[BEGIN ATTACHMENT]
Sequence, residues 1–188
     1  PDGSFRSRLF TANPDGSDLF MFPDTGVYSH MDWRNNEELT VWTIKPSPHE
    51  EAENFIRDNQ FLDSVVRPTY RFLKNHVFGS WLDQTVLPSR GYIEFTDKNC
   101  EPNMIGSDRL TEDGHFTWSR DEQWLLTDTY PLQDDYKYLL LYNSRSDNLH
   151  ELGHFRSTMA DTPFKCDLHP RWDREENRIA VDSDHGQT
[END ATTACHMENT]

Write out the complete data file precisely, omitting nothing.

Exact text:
Sequence, residues 1–188
     1  PDGSFRSRLF TANPDGSDLF MFPDTGVYSH MDWRNNEELT VWTIKPSPHE
    51  EAENFIRDNQ FLDSVVRPTY RFLKNHVFGS WLDQTVLPSR GYIEFTDKNC
   101  EPNMIGSDRL TEDGHFTWSR DEQWLLTDTY PLQDDYKYLL LYNSRSDNLH
   151  ELGHFRSTMA DTPFKCDLHP RWDREENRIA VDSDHGQT